At one point, Garrett said, she was receiving some 20 letters per week though from across the community, asking why she wouldn’t program more Shakespeare plays.

The 2022 season has three Shakespeare plays: “King John,” “The Tempest” and “The Cymbeline Project,” with two scheduled for a scaled back 2023 season: “Romeo and Juliet” and “Twelfth Night.”

“What we endeavored to do this year was present a slate of programming that reflected what our traditional theater-going patron base would recognize,” Garrett said. “So we did as many plays as possible, as we could, with the resources that we had in the hopes that we would attract back (theater-goers).

“We have this core group of traditional, theater-going audience here at OSF that is kind of … like a fan club, more than just other theater’s traditional audiences,” she added.

The core group of people makes up about 60% of the OSF audience, Garrett said, and they have been coming as a part of their family vacation or since they were in grade school, many for decades. 

OSF Executive Director David Schmitz, left, and Artistic Director Nataki Garrett, second from right, at the podium in the White House briefing room while on a trip to Washington to lobby for theater programming support. OSF photo
A battle to survive

While Garrett has said she will stay the course, there have been some twists and turns along the way.

“The course shifted because there was this pandemic … and 18 months of closure,” Garrett added. “I was really forced to look at the survival of the organization and the future of my industry as a collective necessity … I could not be selfish about what we were doing here. I had to think about the whole entire industry.” 

Garrett assumed her role as artistic director fully in August 2019, following four months of shadowing Rauch. The pandemic hit southern Oregon, as with the rest of the world in March 2020, followed by the Almeda and Obenchain fires in September 2020.

Garrett said the closure of OSF would have been longer had she not pushed OSF to put “anything” on their stages to keep the organization moving forward in 2021, in the middle of the COVID-19 pandemic.

“We would’ve had a longer closure but I knew that the town couldn’t handle that,” Garrett said.

Garrett started the 2022 season aiming for the first full season since she started at OSF. With less smoke this summer, despite nearby wildfires, and less COVID-19 disruptions, the year posed other conflicts that appeared to arise from the selection of plays chosen for the lineup.

“All of our theaters are operating between 40 and 50%, the entire industry is in trouble and OSF is a part of that industry,” Garrett said. “And yet, locally I have people who are blaming me, and as if I caused the pandemic.

“The whole entire industry is suffering from a 60% loss of everything,” she said. “Forty percent of patrons have returned across the industry, including Broadway, and until we have a lawmaker that’s willing to stand on the steps of The Met and say, go to the theater, we’re going to be in this really tough position as we’re working through a recovery period.”

Garrett and OSF Executive Director David Schmitz recently lobbied Congress in Washington, D.C., speaking with lawmakers, going to the White House, speaking with as many lawmakers as she could to encourage support for theaters.

Garrett and Schmitz also went to thank lawmakers for their bipartisan effort to pass the “Save our Stages Act” that gave nonprofit theaters access to a $12 million grant.

Garrett started a nationwide advocacy group for theaters, the Professional Non-Profit Theater Coalition (PNTC), in 2020 in order to have better access to grant funds. The coalition has 125 member theaters in 50 states and territories.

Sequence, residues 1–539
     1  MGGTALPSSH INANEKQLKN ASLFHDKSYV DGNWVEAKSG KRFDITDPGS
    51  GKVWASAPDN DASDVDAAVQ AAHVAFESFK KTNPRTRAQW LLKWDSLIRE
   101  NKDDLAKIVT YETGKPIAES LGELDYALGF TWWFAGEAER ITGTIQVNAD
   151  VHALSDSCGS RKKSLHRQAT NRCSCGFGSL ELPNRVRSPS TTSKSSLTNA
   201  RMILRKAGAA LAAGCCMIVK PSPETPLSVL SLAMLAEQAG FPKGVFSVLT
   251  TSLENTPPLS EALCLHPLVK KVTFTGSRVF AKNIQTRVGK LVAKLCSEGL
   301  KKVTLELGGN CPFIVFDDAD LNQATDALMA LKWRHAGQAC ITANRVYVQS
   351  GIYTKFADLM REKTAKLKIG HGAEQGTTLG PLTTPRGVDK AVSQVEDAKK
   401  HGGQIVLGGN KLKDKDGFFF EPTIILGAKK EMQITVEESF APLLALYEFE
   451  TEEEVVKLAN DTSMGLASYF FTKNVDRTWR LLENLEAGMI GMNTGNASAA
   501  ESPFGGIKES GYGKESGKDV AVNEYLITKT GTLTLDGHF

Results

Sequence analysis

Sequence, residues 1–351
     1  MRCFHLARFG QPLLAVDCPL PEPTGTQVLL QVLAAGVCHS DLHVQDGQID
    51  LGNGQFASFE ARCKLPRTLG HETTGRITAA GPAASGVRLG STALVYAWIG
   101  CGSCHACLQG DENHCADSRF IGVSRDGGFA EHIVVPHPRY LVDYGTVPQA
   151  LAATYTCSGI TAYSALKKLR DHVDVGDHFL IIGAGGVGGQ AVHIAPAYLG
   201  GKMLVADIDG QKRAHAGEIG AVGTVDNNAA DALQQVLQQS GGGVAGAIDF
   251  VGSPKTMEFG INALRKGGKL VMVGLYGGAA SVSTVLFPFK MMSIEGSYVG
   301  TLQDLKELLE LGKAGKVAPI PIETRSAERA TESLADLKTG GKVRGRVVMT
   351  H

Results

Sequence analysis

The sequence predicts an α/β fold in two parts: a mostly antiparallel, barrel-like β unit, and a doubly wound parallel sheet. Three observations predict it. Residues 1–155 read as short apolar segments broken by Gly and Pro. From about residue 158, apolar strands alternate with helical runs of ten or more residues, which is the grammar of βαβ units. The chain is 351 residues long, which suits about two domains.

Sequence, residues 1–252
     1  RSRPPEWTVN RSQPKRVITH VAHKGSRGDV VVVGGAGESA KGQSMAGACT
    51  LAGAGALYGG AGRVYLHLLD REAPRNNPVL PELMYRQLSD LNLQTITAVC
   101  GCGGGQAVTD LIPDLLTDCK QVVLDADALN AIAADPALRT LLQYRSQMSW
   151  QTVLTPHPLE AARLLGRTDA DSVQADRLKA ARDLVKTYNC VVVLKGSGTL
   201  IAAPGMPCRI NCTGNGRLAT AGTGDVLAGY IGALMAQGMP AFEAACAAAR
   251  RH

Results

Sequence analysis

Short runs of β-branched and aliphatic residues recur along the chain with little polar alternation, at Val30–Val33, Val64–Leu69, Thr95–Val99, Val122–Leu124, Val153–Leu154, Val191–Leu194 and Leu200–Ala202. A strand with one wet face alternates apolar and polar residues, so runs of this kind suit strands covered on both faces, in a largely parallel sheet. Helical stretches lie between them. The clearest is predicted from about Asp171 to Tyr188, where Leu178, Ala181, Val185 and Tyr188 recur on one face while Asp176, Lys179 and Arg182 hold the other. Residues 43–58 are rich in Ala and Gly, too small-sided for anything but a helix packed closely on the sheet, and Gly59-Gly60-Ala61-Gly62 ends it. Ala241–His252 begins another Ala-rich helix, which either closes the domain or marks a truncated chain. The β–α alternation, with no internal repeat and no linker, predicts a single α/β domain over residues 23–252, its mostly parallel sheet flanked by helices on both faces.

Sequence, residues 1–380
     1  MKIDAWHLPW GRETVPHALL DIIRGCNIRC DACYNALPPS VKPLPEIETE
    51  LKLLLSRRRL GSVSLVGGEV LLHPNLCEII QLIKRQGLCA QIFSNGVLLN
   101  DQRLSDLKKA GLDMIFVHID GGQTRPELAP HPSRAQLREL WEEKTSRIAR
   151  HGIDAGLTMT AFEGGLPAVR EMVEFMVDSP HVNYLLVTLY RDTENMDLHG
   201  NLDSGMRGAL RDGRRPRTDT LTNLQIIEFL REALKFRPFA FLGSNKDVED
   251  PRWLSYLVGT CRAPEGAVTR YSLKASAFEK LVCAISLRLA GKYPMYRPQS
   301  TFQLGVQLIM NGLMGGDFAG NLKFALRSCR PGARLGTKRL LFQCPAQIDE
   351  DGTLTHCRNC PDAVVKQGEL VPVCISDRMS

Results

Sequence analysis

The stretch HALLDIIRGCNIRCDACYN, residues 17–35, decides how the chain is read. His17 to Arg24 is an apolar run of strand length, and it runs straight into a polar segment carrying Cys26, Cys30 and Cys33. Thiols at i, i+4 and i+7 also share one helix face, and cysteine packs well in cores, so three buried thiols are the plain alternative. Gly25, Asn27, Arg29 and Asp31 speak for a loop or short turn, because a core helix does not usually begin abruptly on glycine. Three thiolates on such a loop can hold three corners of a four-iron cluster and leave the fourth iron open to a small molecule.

“I’m in a different position than a lot of my sister-theaters,” she said. “OSF is one of the economic engines of this valley. It’s certainly the economic engine of Ashland and so, my responsibility is not just to get my theater open. My responsibility is to get the theater open so that people come and they spend their dollars here and we can keep these businesses going.

“I have a greater responsibility than just, I want my theater to be open.”

While she has intended to reach her core audience through the programming this year, some of her core patrons have been the most vocal about their dislike of her approach.

As for next year, two contemporary plays have been removed from the lineup due to a shortened season.

“When you make theater, you buy the art in advance,” Garrett said. “The simple equation was to shorten the number of weeks of availability.”

Donna Simone Johnson and Reina Guthrie in “Revenge Song.” Photo by Jenny Graham
Balancing programming 

Garrett said there also has been a notion put out there that her programming reflects that she doesn’t trust Shakespeare.

It has also been posited that white people are not welcome to the plays. Garrett dismisses both claims.

“As this organization has evolved, it has always looked at contemporary playwrights and different playwrights, and so I came here because I inherited that legacy, that was started well before I got here,” Garrett said. “So I balance as it has been balanced.”

Two of the five main season shows in 2023 are Shakespeare — “Romeo and Juliet” and “Twelfth Night” —  and the two shows that were removed were contemporary plays.

“Fiscally, the plays that draw the most audience to OSF are the contemporary plays,” Garrett said. “It’s hard to produce Shakespeare … it’s an expensive endeavor because Shakespeare didn’t write many one-person shows and, in this time of recovery, I have to be conscious of the kind of Shakespeare that I program. And also, in the 21st Century, I have to be conscious anyway.”

Garrett’s inclusion of a land acknowledgement for Indigenous people to the region has also prompted feedback.

“At the very least, what OSF can do is work with local Native community people on creating an acknowledgement of their experience and their lives,” Garrett said.   

She wants to clarify to the community that when she talks about overall inclusivity, she also means everyone — she emphasizes, everyoneis invited to OSF.